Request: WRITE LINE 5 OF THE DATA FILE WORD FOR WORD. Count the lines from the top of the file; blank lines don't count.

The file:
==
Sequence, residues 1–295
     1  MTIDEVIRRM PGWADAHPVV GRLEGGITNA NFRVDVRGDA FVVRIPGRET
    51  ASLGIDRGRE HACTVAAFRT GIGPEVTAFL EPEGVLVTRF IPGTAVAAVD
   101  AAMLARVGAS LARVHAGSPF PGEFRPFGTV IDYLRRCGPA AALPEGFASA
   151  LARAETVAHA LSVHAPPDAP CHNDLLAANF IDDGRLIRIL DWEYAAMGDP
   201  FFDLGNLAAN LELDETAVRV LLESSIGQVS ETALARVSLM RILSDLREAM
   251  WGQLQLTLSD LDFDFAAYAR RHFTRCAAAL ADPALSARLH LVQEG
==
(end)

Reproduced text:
   151  LARAETVAHA LSVHAPPDAP CHNDLLAANF IDDGRLIRIL DWEYAAMGDP